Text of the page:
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BricksABillion

A Catablog of Tools, Tips, and Techniques for building with LEGO®

Chris Giddens: Mr. Pre-Classic Space

Image of Chris Giddens
Chris is a big name in the LEGO AFOL community. And “why” do you ask? Well, for a number of reasons. For one, he is well-known, especially among Spacers, as the guy who created Pre-Classic Space, referred to as PCS, for short. Originally most of this series was posted at pre.classic-space.com, (a sub-site of Classic-Space.com), but nowadays Chris does his posting at Flickr under the name Fazoom.

Because of his PCS theme along with collaboration with Mark Sandlin, the two were asked by LEGO to design a couple sets in the LEGO Factory line. Chris’s Pre-Classic Space became known as “Star Justice” in set 10191, and Mark’s 3vil (3 times the evil) became known as “Space Skulls” in set 10192. These sets were available from April 2008 to June 2009.

Furthermore, Chris and Mark were interviewed by Joe Meno for the Summer 2008 issue of BrickJournal magazine (pp. 52-55).

I had the privilege of meeting both of these guys several months ago when I joined up with DixieLUG, a LEGO users group based in North Georgia. (Being one of the few AFOL’s in the state of South Carolina, I have to deal with a long-distance LUG relationship. In the meantime, I’m very thankful for the online community!)

My original interview with Chris was mostly done back in September, but many things happened between then and now, or else you’d have had this lovely post sooner. We’ve also added a couple other questions about more recent events (bottom of the page). So the MOC pictured and discussed here isn’t his most recent, but is still a brilliant blend of PCS building technique and some great work in Photoshop. continue reading…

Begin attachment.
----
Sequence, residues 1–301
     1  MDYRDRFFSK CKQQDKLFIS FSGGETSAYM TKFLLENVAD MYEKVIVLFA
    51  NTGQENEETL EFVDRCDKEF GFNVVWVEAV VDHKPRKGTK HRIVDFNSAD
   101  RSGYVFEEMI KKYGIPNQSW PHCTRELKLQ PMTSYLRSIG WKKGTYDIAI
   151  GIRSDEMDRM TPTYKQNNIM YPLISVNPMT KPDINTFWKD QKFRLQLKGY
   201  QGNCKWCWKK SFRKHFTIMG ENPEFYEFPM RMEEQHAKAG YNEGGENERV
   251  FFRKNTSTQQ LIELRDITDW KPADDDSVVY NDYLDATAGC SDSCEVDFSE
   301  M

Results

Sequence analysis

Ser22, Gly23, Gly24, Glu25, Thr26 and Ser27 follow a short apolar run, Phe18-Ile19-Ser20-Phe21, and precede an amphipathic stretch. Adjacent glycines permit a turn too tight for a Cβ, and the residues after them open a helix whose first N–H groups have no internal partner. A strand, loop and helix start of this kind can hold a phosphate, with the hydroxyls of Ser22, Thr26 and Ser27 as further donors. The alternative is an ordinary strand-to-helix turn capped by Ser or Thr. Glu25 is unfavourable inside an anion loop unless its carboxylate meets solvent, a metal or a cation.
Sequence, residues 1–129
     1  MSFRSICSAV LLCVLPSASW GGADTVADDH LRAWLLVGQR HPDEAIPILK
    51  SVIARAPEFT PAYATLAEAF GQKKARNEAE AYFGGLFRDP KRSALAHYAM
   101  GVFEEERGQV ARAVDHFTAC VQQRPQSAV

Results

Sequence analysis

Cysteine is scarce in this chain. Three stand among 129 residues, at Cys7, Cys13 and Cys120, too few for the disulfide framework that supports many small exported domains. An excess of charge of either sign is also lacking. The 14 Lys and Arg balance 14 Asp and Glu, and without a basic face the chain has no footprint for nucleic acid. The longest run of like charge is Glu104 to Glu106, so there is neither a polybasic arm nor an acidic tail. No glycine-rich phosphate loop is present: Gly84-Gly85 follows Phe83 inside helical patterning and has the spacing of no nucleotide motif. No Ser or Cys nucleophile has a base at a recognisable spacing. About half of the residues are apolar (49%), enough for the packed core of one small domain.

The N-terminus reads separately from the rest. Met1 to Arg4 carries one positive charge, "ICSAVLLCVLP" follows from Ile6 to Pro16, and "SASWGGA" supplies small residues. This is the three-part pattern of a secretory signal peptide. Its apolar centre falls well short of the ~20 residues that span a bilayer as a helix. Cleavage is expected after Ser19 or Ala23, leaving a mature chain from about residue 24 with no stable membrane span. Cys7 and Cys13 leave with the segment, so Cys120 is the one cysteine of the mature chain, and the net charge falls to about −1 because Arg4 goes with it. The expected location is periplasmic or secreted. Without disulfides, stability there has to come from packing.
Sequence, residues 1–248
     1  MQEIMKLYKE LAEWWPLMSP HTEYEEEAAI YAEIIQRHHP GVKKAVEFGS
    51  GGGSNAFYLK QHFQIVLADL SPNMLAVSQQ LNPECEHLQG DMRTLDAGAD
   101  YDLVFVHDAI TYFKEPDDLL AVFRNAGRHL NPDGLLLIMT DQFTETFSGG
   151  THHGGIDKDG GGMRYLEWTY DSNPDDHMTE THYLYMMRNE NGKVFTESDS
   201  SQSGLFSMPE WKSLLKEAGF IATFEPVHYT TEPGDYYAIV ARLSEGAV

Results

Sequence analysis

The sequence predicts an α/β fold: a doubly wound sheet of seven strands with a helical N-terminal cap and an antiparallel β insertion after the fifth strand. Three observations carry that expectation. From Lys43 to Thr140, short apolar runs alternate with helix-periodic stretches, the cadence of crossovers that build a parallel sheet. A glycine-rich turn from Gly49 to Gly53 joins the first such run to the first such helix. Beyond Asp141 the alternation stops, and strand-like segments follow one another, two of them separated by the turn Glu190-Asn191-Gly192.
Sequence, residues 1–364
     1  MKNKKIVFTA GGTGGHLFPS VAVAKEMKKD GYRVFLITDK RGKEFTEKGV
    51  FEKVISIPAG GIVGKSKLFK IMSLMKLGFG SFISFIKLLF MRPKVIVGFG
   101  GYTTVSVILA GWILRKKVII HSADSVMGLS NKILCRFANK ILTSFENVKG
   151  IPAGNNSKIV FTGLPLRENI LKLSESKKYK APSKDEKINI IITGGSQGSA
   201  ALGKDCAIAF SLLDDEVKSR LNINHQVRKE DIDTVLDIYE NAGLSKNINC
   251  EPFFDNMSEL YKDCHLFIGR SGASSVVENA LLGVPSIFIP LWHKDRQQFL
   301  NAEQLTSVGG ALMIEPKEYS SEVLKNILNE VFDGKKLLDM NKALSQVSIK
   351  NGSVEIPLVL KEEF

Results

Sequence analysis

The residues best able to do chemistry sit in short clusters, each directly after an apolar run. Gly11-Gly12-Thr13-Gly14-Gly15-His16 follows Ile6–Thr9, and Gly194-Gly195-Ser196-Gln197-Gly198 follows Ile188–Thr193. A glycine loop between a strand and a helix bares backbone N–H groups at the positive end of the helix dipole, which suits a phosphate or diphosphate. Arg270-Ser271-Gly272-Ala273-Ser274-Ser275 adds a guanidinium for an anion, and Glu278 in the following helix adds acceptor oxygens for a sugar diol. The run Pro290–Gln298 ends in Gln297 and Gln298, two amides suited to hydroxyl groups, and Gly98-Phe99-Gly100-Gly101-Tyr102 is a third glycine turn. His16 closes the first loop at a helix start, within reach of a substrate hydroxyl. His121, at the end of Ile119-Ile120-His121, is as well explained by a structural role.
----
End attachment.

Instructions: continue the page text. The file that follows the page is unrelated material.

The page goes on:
cockpit box, originally uploaded by nnenn.

I’ve previously blogged this creation on Fascinating LEGO model of the Day, but feel it appropriate to re-cover it here, at the passing of it’s creator, Nate Nielsen, well known to the community as Nnenn.

Up to this point, Nnenn is the only person whose Flickr photostream was in my Google Reader feed. I’ve always enjoyed seeing the many ways he could come up with to reinvent the starfighter.

This particular creation of his was a suggestion for a way to start building a starfighter — it gave you a template starting point to build out from.

Space Container, originally uploaded by AfroEngineer.

These Space Containers by Breakdown are a brilliant exercise in compact building technique.

AfroEngineer has also included a breakdown of how to build them: continue reading…

Engel Statue by Michael Jasper

Engel by Michael Jasper.

I covered some of Michael Jasper’s famous people vignettes over on Fascinating LEGO Model of the Day with a post about Michael’s Francis Drake back in May. Michael is a builder who often does very cool things with a small number of pieces. This vignette does no less.

The statue’s pedestal is a brilliant blend of some 8 Tooth Technic Gear Timing Wheels and lightsaber blades. The statue effect is a simple use of pieces that are all the same color. Usually I’ve seen statues done in grey, so it was a nice change to see this one in white. One key thing that always makes the statue is a blank face.

Also, the posts abnd rope around the statue sitting in the midst of grass surrounded by sidewalk — all on a 10×6 area, very effectively convey the idea of the statue.

WIP: Hut Wall Experiment, originally uploaded by mhuffman.

No one goes from a pile of bricks to hitting all the popular LEGO MOC blogs in just a few short minutes. The best creations require planning and practice.

Sketch it out

In this image we see examples of both planning and practice. Mhuffman has some sketches that are part of the planning stage. He is experimenting with creating a hut wall, so he has drawn out the basic idea first to help figure out what the end result will be before he’s bricked together a whole pile of LEGO in a miserable failure. 🙂

Practice the technique

After some advance planning, he has now started experimenting with the idea for his technique with the physical bricks.

Coming up with something new — even if it’s just a technique that is new to you — can be tricky. It helps to practice the idea before you implement it on your MOC. Better to figure out all the kinks and problems separately before having to take your 75,000 piece MOC apart halfway through!